Over the course of the fair people complained about the “low entertainment,” and the fair was raided by the Vice Squad several times, but that only gave the shows more publicity, and more money. They stayed.
Everything at the fair was branded or endorsed. There were even Steinway subway cars specially outfitted for a new temporary subway line that ran to the park. One still is on exhibit at the Transit Museum.
The fair stayed open for two seasons, opening from May to October of 1939 and 1940. The numbers crunchers saw that they were not going to make any money, so the second year, they pushed the entertainment end of the fair over the science, technology and cultural aspects.
In spite of all that, the fair lost money spectacularly, and the founding corporation declared bankruptcy after the fair closed. Many of the rides and exhibitions were sold off. The temporary buildings were torn down. Some of the better buildings were dismantled and moved, some thousands of miles away.
The Perisphere and Trylon were later torn down for the Unisphere built for the 1964 World’s Fair, which was held in the same location.
The fair in many ways foreshadowed World War II. German was the only major European nation that did not participate in the fair. During the second year of the fair, Poland and Czechoslovakia, which had large pavilions, saw those pavilions empty, as war broke out. The USSR pulled out after the first year, taking down their building. Many Europeans were not able to return to their homelands because of the war. Most stayed in NYC, and made it their temporary home.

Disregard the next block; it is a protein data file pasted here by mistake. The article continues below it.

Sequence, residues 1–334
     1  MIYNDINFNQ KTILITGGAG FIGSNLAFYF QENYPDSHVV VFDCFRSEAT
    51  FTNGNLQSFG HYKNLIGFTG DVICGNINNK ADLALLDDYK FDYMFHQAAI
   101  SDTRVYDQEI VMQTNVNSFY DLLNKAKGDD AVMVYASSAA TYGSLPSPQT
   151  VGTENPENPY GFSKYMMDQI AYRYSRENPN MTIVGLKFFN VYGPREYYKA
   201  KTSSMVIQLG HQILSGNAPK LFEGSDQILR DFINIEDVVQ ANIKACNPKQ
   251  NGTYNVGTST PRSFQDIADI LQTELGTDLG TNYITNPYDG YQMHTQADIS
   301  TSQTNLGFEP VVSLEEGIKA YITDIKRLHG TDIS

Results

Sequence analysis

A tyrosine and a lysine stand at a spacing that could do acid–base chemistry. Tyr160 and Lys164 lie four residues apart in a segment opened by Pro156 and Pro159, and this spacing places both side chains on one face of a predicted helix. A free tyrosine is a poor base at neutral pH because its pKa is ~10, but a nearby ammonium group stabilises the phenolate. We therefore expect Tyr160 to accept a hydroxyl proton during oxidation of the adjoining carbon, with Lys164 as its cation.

In 1941, two NYC police officers were killed when a bomb exploded in the British pavilion.
The 1939-1940 World’s Fair in Flushing Meadow introduced many new things into our culture. Television, air conditioning, fluorescent lighting, color photography, nylon, even Smell-O-Vision. Superman made his first appearance at a World’s Fair, as did the pulp fiction character Doc Savage.
Robert Moses got his park for Flushing, and didn’t have to pay for it. He was also able to get parts of the Brooklyn Queens Expressway and other highways completed in time to lead motorists to the park.
Some of the buildings built for the fair became the temporary headquarters for the United Nations from its beginning in 1946, until 1951, when the UN Plaza was completed. The New York State building was the first home of the General Assembly.
That building was re-used in the 1964 fair, and is the only surviving building from the ’39 fair. Today it is the Queens Museum.
The Museum of the City of New York has an extensive collection of images from the 1939-1940 World’s Fair in their digital collection. Most of the photographs here, are from this collection. The “Pontiac Ghost Car” exhibit, shown above, was a popular stop in the General Motors Building.